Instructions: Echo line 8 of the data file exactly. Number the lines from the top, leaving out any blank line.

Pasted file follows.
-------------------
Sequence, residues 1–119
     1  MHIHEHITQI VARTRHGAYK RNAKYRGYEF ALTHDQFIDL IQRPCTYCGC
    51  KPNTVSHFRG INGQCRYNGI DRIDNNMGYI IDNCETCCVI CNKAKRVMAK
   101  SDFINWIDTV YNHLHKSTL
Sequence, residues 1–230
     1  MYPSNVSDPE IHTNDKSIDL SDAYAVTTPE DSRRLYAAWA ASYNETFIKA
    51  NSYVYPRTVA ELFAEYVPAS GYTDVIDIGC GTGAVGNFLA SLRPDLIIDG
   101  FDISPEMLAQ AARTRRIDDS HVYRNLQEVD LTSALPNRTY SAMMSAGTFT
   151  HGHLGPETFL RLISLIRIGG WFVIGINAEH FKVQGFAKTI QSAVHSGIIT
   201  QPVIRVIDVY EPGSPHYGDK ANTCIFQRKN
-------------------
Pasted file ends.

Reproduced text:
   101  FDISPEMLAQ AARTRRIDDS HVYRNLQEVD LTSALPNRTY SAMMSAGTFT